For the evaluation of the harvesting periods, seeds of Z. japonica ‘Esmeralda’, comprising the second batch, were used. The statistical design was completely randomized with 11 treatments and four replicates of 100 seeds. Each treatment was represented by a seed harvesting period, so 11 samples were collected, that is, 11 treatments. Seeds were harvested at the beginning of ear emergence up to 36 days, i.e., 0, 4, 8, 11, 15, 18, 22, 25, 29, 32, and 36 days after ear emergence, when natural degranulation occurred.

Sowing was performed on filter paper and the germination test was maintained at the alternating temperature of 20-35 °C. Seeds were collected from plants cultivated under common irrigation and maintenance pruning conditions (approximately 5 cm high). This area was 24 m x 25 m and was subdivided into 60 plots of 10 m2 (2 m x 5 m), which were randomly numbered from 1 to 15, with four replicates, representing the harvesting periods. The criterion to determine collection time was based on Toledo et al. (1981) for Bahia grass seeds (Paspalum notatum Flüggé).

Data were statistically analyzed and averages compared by the Tukey test at 5% probability of error. For the study of the harvesting period effect, unfolding of degrees of freedom was performed to verify the variable behavior as a function of the seed harvesting periods. Germination percentage data were transformed into arc sine (x/100)1/2 for statistical analysis.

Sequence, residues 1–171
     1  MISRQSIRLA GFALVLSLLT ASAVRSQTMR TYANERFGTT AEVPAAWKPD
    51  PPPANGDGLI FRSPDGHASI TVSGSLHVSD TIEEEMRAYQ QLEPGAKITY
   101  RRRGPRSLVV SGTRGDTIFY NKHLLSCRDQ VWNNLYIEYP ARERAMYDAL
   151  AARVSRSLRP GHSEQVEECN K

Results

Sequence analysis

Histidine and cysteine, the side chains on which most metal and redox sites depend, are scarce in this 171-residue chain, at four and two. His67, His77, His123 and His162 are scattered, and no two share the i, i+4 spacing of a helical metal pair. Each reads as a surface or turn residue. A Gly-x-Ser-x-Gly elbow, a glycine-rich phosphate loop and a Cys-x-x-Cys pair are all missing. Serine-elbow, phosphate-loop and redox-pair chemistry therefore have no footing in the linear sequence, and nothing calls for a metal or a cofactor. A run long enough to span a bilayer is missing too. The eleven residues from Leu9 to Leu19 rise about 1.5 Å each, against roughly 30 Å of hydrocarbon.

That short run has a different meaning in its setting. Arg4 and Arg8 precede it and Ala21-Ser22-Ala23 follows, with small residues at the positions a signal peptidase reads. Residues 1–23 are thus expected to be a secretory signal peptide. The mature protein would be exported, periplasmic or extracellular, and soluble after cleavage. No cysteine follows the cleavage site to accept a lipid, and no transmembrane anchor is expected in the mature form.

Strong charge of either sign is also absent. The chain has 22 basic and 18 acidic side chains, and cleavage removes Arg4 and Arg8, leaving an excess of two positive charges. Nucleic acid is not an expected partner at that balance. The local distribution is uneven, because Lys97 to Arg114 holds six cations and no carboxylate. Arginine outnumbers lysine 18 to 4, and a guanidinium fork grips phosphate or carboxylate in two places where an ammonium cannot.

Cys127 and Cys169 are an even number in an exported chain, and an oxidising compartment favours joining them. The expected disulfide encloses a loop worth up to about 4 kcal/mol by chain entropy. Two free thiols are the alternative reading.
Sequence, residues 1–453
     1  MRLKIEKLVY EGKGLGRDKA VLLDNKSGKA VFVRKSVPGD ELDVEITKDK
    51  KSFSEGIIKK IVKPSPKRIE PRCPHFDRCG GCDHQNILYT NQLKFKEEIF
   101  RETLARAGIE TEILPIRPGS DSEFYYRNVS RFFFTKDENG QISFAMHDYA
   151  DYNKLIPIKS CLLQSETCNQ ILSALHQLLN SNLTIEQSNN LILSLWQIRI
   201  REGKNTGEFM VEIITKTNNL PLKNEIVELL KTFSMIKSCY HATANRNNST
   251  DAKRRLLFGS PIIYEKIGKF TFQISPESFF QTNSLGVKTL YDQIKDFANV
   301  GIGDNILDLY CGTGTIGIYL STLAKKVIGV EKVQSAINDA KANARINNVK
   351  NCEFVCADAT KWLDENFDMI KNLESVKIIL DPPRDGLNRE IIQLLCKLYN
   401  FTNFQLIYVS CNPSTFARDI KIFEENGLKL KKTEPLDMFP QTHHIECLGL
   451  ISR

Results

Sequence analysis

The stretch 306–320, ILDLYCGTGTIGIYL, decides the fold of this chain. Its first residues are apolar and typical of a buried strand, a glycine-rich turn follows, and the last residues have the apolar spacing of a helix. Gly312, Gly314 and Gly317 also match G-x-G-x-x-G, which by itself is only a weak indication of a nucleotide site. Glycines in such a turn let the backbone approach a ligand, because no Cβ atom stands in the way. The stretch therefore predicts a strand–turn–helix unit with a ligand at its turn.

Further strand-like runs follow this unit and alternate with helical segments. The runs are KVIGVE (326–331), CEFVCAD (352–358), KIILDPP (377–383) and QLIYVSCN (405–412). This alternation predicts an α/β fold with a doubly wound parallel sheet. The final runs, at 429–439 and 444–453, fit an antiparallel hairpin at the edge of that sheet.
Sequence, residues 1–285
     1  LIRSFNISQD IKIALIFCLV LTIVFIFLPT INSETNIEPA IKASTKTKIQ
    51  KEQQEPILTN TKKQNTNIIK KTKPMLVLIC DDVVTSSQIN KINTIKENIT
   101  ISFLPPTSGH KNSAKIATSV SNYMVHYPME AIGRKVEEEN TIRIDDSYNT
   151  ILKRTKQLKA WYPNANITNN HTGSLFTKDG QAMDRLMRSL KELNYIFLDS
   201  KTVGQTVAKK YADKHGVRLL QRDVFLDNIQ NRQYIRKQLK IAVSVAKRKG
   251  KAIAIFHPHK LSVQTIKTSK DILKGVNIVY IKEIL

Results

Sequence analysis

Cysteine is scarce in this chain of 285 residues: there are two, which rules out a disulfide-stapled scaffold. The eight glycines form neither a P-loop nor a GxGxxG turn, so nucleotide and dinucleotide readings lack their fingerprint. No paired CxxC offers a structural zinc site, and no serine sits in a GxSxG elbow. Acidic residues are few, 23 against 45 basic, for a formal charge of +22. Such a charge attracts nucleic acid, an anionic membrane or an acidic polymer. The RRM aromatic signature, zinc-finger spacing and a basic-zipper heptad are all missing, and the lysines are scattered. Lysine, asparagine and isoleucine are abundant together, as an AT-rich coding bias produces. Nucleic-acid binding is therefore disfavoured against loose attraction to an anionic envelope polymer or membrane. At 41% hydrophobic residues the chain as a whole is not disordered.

Results and Discussion

The interaction between temperature and potassium nitrate was significant for both germination percentage and germination rate (Table 1), what proves that seed dormancy was overcome. When the germination percentage of both treated and untreated seeds is compared, temperatures of 20, 25, and 30 ºC presented higher values when seeds were treated with potassium nitrate and, at the other temperatures, no significant differences were observed.

Table 1 Germination percentage and germination rate (GR) of Zoysia japonica ‘Zenith’ seeds submitted to different temperature conditions, treated or untreated with potassium nitrate. 

Temperature Germination (%) GR
Potassium nitrate
Treated Untreated Treated Untreated
20 °C 30 Ac 3 Bd 1.7524 Ac 0.1661 Be
25 °C 49 Abc 28 Bc 4.3125 Ab 3.0220 Ad
30 °C 68 Aab 51 Bbc 7.2119 Aa 5.1280 Bc